Last Saturday, the New York Yankees acquired shortstop Reid Brignac from the Colorado Rockies. To make room for Brignac on the 25-man roster, they designated infielder Alberto Gonzalez for assignment. In limited playing time, Gonzalez had hit .250/.286/.375, which isn't awful but isn't great either. When asked why outfielder Ben Francisco did not receive the axe (hitting .114 at the time), this was general manager Brian Cashman's response.

<blockquote class="twitter-tweet"><p>Cashman on Ben Francisco's roster spot: "Just in terms of your fan comments section, just say I'm holding onto him to piss everybody off."</p>&mdash; Andy McCullough (@McCulloughSL) <a href="">May 18, 2013</a></blockquote><script async src="//" charset="utf-8"></script>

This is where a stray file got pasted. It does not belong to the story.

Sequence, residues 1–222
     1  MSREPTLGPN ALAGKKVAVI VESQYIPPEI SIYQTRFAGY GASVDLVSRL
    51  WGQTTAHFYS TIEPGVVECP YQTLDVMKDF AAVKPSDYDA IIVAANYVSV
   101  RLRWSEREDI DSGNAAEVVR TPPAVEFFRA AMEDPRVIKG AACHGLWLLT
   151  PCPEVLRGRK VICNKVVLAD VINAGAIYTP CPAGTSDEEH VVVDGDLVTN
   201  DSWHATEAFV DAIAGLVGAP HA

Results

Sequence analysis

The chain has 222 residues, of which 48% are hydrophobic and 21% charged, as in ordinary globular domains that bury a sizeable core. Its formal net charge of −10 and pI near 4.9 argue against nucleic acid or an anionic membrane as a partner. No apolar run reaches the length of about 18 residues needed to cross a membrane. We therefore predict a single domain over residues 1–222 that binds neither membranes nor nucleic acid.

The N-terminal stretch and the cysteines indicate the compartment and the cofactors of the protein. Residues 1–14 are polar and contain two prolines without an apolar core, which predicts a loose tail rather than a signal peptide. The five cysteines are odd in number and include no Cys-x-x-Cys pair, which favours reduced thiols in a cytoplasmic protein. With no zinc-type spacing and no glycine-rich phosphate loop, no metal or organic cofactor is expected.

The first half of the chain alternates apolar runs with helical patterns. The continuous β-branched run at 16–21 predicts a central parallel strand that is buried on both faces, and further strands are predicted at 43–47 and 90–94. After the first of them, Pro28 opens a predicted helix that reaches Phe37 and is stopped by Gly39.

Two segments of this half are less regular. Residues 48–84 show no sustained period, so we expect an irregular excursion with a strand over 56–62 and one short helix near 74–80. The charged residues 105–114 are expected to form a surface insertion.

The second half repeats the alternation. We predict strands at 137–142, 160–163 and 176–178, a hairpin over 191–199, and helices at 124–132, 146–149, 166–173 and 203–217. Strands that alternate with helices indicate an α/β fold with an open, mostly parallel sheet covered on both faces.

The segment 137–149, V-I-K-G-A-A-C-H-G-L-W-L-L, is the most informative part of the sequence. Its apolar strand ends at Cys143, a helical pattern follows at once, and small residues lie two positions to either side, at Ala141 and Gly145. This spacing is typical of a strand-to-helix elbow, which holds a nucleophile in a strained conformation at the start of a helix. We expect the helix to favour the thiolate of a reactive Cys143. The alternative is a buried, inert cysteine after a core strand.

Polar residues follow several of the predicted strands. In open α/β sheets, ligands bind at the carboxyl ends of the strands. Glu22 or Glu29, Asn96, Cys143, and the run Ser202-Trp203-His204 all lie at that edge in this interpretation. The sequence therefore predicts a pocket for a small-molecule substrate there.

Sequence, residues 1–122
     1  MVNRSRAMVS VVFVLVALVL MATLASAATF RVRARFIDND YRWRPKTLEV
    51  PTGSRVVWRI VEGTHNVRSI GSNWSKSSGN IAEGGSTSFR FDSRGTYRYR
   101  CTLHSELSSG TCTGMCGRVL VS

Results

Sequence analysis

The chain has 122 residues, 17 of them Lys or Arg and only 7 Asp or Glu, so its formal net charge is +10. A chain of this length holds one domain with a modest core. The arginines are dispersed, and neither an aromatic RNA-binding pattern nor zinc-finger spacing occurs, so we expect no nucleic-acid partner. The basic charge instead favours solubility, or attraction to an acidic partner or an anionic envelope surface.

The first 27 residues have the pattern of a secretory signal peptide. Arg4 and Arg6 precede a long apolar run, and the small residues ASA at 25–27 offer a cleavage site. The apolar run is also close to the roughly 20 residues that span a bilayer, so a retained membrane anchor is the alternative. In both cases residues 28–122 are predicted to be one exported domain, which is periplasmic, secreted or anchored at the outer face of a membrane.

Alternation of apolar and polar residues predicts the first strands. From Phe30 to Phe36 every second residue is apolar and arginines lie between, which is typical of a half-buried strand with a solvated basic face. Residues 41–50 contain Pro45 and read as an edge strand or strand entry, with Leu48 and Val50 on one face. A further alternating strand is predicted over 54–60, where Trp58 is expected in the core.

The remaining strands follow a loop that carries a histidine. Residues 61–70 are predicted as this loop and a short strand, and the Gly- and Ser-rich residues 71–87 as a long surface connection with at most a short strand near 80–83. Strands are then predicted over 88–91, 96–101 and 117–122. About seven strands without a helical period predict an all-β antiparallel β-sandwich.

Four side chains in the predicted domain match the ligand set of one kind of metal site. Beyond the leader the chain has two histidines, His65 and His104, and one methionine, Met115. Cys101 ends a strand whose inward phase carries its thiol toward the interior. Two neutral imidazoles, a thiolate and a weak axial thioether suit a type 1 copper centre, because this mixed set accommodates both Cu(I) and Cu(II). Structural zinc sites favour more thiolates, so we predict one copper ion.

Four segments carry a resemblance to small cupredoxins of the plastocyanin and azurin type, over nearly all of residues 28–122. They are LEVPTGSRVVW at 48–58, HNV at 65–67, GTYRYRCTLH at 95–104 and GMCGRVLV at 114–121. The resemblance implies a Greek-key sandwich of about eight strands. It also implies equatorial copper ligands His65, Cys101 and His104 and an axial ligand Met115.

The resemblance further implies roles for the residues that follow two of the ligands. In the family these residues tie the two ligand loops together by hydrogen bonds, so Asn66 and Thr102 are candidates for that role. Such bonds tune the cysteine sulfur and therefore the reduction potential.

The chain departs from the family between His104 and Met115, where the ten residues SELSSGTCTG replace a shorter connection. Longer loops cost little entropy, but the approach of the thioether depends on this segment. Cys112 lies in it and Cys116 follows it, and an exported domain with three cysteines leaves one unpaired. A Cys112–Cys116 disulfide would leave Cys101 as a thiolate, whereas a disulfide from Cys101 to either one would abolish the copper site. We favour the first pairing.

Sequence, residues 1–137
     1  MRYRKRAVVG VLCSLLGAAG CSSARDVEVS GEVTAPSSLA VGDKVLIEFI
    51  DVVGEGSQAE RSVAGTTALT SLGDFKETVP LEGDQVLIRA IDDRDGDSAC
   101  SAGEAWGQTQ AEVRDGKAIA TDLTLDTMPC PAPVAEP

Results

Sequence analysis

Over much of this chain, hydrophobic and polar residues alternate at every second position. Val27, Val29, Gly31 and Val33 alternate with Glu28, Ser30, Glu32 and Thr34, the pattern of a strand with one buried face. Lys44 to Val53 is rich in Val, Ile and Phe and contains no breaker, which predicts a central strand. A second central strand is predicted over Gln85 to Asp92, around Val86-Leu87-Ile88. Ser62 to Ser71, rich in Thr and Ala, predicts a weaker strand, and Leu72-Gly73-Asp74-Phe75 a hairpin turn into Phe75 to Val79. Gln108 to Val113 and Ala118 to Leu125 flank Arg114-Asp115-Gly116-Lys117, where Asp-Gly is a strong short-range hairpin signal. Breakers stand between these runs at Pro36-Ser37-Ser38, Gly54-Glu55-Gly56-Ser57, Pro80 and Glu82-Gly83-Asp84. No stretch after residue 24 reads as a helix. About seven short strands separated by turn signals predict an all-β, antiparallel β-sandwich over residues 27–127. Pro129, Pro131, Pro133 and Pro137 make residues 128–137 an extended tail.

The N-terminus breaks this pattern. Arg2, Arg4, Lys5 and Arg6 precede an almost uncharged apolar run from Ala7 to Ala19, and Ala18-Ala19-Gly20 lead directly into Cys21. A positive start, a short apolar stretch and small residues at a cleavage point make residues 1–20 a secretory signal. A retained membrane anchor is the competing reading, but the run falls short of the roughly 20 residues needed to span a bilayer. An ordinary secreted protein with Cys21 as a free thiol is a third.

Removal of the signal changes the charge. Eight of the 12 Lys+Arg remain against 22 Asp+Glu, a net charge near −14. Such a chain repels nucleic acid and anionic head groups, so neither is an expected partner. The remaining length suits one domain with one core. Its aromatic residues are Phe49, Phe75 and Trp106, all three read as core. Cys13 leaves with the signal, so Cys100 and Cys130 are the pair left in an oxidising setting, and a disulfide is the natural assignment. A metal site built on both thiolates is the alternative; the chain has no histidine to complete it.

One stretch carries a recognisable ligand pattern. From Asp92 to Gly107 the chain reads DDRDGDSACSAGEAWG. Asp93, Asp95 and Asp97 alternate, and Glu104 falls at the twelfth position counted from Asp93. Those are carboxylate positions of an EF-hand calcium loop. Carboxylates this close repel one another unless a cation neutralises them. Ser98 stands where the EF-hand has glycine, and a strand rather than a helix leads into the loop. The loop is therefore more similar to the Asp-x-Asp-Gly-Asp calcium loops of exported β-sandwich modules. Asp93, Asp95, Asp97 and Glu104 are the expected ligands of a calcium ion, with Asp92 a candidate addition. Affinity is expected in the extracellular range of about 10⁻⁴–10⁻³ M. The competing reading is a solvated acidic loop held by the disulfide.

Wow. I mean, at least Terry Ryan has the decency to give a reason why a player is staying on the roster. Even if that player is Drew Butera and he's only there to play in case the Twins lose both Joe Mauer and Ryan Doumit to injury in the same game. By the way, Francisco has not had any additional at-bats since Cashman's comment.

3. The Twins are not using spitballs like Alex Sanabia (unless they're shooting them during the daily pitchers & catchers meeting).

In an earlier edition of the Saturday Notebook, I talked about Clay Buchholz possibly using a Bull Frog sunscreen-sweat-rosin mixture to get a better grip on the ball, and how a lot of players actually didn't think it was a big deal. Well, during Monday's game against the Phillies, Marlins pitcher Alex Sanabia chose to put something a little more organic on his baseball (pay attention at 0:15 of the video) after surrendering a home run to Domonic Brown.